December Reading

The Wilder Life: My Adventures in the Lost World of Little House on the Prairie, Wendy McClure.
A charming exploration of a beloved book series from her (and my) youth, quite funny and strangely intimate because of both of our connections to the same books. I really liked it a lot. Five stars.

My Milk Toof: The Adventures of ickle and Lardee, Inhae Lee.
Actually has the subject heading of Photonovela, and that it is, but with elements of children’s story and graphic novel and (maybe only because I learned that the author has a background in animation) stop-motion film. Lee’s baby teeth arrive at her apartment to stay, partly roomies and partly like children. They have various small-scale adventures with lovingly made (maybe some purchased?) tiny props. I was charmed! Four stars.

12 Things to Do Before You Crash and Burn, James Proimos.
The best sort of high-low book for teens– obviously not intended for children (swears and off-page sex), fast plot, characters you can sympathize with, short chapters and short overall. Additional bonus: bits of the Hercules myth with some tips of the hat to the sword-and-sandal film versions (Herc is constantly falling asleep). Fun. Three stars.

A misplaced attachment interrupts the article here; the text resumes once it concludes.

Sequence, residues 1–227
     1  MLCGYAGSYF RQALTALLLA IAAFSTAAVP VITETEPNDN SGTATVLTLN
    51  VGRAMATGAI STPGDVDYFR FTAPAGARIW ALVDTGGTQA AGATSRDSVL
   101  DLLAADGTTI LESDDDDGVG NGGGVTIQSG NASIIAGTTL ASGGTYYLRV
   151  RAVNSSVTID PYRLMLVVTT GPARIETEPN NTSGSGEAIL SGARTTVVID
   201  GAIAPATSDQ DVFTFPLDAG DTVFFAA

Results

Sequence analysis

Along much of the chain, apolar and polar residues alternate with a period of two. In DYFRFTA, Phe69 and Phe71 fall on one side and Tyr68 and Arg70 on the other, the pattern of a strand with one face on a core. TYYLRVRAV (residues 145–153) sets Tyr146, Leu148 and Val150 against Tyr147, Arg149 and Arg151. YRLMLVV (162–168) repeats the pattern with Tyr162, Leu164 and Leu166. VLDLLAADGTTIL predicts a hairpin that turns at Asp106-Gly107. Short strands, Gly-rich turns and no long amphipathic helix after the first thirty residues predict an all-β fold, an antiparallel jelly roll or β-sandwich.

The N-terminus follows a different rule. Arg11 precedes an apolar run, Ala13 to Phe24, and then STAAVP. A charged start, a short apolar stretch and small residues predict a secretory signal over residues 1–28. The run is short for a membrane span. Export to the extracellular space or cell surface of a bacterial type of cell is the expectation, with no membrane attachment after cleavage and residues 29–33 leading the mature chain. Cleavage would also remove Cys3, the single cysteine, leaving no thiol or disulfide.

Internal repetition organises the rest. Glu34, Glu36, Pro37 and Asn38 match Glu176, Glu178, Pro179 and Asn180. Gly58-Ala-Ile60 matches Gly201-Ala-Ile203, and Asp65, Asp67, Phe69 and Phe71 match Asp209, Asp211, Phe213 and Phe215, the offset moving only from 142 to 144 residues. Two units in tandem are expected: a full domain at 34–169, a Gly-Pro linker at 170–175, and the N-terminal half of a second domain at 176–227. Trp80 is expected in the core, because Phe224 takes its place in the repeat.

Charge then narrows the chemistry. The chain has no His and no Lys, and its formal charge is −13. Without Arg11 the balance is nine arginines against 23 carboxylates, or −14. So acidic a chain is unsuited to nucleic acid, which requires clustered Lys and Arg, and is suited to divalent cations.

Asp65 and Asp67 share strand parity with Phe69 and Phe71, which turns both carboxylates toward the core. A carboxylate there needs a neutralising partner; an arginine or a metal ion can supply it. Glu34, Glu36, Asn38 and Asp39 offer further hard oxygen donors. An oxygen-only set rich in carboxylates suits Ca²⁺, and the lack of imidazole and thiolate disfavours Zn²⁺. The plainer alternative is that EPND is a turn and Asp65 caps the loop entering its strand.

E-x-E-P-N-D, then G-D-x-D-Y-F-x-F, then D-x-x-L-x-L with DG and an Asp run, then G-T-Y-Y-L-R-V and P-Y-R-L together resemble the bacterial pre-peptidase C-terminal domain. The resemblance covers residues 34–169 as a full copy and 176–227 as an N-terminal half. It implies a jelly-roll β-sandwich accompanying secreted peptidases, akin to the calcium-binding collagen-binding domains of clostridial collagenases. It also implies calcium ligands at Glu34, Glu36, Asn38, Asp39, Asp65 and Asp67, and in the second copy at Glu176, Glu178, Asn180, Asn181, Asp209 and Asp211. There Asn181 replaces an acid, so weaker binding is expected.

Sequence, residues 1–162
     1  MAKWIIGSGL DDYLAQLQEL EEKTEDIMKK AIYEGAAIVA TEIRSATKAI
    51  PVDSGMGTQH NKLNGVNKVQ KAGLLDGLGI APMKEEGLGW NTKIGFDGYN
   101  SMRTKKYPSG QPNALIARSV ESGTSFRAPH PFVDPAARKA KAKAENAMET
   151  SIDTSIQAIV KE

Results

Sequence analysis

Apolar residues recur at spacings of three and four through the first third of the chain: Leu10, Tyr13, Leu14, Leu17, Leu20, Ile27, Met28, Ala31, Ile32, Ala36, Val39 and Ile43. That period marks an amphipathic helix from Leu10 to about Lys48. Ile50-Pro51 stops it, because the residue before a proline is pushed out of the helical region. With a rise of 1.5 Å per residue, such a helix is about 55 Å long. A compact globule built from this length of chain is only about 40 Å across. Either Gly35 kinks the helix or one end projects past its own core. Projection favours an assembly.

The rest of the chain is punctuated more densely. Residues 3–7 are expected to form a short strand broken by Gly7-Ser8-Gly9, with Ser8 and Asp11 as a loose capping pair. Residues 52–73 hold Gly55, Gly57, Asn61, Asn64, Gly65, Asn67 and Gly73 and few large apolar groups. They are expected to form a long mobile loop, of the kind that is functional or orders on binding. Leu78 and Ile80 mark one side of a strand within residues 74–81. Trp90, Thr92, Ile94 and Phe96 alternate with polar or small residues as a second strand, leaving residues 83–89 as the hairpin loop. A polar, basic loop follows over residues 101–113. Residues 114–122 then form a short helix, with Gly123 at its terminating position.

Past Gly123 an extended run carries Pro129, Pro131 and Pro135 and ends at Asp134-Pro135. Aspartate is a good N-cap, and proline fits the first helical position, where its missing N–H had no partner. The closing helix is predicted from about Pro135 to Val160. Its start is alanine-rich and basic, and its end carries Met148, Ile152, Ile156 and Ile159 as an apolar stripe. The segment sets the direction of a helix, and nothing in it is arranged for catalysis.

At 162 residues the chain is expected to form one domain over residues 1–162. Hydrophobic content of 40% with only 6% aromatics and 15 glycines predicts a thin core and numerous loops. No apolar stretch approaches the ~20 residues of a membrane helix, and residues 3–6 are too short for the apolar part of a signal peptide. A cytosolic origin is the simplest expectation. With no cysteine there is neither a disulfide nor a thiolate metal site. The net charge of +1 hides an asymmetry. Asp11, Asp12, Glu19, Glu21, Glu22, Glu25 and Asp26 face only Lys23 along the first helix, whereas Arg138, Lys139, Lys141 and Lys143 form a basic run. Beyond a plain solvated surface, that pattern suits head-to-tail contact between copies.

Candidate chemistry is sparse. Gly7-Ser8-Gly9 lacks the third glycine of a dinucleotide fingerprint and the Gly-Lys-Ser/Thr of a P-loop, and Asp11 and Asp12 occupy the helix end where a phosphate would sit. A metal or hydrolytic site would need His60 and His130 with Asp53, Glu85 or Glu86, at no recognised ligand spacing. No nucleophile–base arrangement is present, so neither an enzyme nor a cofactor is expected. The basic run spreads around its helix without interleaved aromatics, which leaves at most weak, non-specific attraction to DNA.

Hearts & Minds: A G.I. Joe Graphic Novel, [written by Max Brooks ; art by Howard Chaykin and Antonio Fuso].
The best part of retcon is when it lets people who care more about the story than the original artists can go back and add more depth and character. The drawback for me is that it was none of the characters I remember. Otherwise pretty good (and why won’t Brooks write another novel already???). Three stars.

Bossypants, Tina Fey (audio)
Autobiographies by performers performed by those performers have a nice extra bit of flair and enjoyment, says me. The book, however, contains everything and the kitchen sink, and could have used an editor/a few more years of anecdote. Four stars.

The Psychopath Test, A Journey Through the Madness Industry, Jon Ronson. (audio)
Ronson has been a radio and television presenter/narrator, more in the UK than US, so add this to the books by performers also performed by him (and I’m very fond of his narration). His research is in-depth and quickly gets intertwined with his life. The Psychopath Test explores the hard-to-understandness of people who seem to be without humanity and our desperate desire to find a way to stop or cure them. I liked it a lot. Four stars.

When You Reach Me, Rebecca Stead (audio)
I’m going to file this under the sort of book that only seems impressive because it is a genre book hidden in the mainstream. It would get much less acclaim from people more familiar with fiction involving (spoiler) messages back through time. Like me. Or maybe I’m an old poop. One star.